Thursday, April 14, 2011

The Suicide of Lux Lisbon

Lux Lisbon died as she lived, cigarette in hand. To me, this symbolizes that her downfall was men, or more loosely, masculine power overtaking her life. It also shows that she was rebellious, even until death. She was the last to go, the best liar, the one who had to talk to the boys as she planned her final moments. Lux chose to go in the family garage, dying of carbon monoxide. Like her sisters, she chose a characteristically female way of ending her life, and the way involving the least pain possible. However, I see her as a strong enough character that she was able to die alone, in a totally different area of the house.

"They found her in the front seat, grey faced and  serene, holding a cigarette lighter that had burned its coils into her palm" (Eugenides 281).
It is for this reason that I don't think the sisters wanted to draw attention to themselves. They never wanted publicity of infamy as some would suggest. They chose to end their lives, not in a bloody spectacle or gory extravaganza, but quietly as they lived, taking their leave from the world in an almost polite manner.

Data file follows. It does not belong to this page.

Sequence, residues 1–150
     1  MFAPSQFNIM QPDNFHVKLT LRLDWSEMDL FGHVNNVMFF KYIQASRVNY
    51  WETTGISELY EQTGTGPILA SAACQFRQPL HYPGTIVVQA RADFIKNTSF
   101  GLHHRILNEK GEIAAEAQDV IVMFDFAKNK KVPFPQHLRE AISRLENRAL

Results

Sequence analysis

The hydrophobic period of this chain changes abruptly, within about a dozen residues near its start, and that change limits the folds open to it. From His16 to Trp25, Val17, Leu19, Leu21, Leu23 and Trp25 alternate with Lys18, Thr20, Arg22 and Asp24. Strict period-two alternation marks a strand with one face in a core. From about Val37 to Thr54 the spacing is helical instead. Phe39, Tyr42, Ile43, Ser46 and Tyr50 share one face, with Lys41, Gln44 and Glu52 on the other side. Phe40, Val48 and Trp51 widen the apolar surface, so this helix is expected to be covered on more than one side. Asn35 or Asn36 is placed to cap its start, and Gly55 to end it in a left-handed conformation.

"He spoke of the incredible cleanliness of the girls' bodies, the youngest he had ever worked on, showing no signs of wastage or alcoholism. Their smooth blue hearts looked like water balloons" (Eugenides 287)
I find this line interesting, only because the boys discussed in great detail earlier the state of Lux's frail body, her missing hair and her (most likely) darkened lungs from the sheer amount of cigarettes she puffed daily. On the inside however, her lifestyle had apparently not caught up with her. She was still young and extremely healthy, with her exterior showed signs of being a hardened woman. She was beyond her years on the outside, but still a young girl on the inside.

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